The Cathedral of Saint Mary of the Assumption, also known locally as Saint Mary's Cathedral, is the principal church of the Roman Catholic Archdiocese of San Francisco, California.
The cathedral is located in the Cathedral Hill neighborhood of San Francisco and replaced two previous churches of the same name successively. The first original cathedral was built in 1854 and still stands today and is now known as Old Saint Mary's Church. In 1891, a second cathedral was constructed but was destroyed by arson in 1962. The present-day cathedral was commissioned just as Vatican II was convening in Rome. Prescriptions of the historic church council allowed the Archdiocese of San Francisco to plan boldly in the building of its new cathedral. That resulted in the modern design of the present structure. The cornerstone was laid on December 13, 1967, and the cathedral was completed three years later. On May 5, 1971, the cathedral was blessed and on October 5, 1996, was formally dedicated to the Blessed Virgin Mary under the name of Saint Mary of the Assumption. The first papal mass was celebrated by Pope John Paul II in the cathedral in 1987.
In San Francisco it has become a landmark that annually draws thousands of people to this sacred structure, which combines the rich traditions of the Catholic faith with modern technology.
The cathedral's striking design flows from the geometric principle of the hyperbolic paraboloid, in which the structure curves upward in graceful lines from the four corners meeting in a cross.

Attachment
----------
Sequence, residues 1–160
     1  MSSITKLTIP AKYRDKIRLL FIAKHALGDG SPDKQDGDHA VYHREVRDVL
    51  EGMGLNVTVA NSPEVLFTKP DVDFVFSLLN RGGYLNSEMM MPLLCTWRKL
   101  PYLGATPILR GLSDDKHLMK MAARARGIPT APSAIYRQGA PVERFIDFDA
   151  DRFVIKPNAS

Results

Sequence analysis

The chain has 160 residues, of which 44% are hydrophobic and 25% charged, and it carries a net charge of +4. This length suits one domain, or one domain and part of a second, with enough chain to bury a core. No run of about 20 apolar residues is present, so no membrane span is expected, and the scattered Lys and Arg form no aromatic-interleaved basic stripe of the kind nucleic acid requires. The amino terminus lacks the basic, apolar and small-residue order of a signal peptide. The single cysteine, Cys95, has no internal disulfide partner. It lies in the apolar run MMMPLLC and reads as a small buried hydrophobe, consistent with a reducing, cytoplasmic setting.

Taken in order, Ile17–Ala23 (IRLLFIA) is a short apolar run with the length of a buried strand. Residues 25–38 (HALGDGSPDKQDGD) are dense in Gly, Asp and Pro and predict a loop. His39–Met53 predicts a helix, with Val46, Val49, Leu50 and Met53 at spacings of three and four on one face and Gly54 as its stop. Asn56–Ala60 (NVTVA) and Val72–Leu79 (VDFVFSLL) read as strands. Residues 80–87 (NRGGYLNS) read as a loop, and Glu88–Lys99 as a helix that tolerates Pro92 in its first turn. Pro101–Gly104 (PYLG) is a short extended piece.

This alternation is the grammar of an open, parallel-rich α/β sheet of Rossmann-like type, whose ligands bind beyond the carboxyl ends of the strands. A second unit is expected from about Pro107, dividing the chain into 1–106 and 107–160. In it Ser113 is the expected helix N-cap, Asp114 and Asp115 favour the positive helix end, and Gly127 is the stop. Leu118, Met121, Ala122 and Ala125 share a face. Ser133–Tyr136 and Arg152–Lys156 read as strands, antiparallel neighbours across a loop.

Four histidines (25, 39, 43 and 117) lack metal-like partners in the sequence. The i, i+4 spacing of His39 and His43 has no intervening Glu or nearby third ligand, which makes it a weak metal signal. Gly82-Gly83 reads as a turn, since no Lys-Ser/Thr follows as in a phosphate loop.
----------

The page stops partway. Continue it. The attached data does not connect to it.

Measuring 255 feet (77m) square, the cathedral soars to 190 feet high and is crowned with a 55 foot (16m) golden cross. Four corner pylons, each one designed to withstand ten million pounds of pressure, support the cupola, which rises 19 stories above the floor. At each corner of the cathedral, vast windows look out upon spectacular views of San Francisco, the City of Saint Francis of Assisi. The cathedral's red brick floor recalls early Mission architecture, and the rich heritage of the local church.
Its saddle roof is composed of eight segments of hyperbolic paraboloids, in such a fashion that the bottom horizontal cross section of the roof is a square and the top cross section is a cross. The design is reminiscent of St. Mary's Cathedral in Tokyo, which was built earlier in the decade by Kenzo Tange.
Due to its resemblance to a large washing machine agitator, the cathedral has been nicknamed "Our Lady of Maytag" or "McGucken's Maytag". The building was selected in 2007 by the local chapter of the American Institute of Architects for a list of San Francisco's top 25 buildings.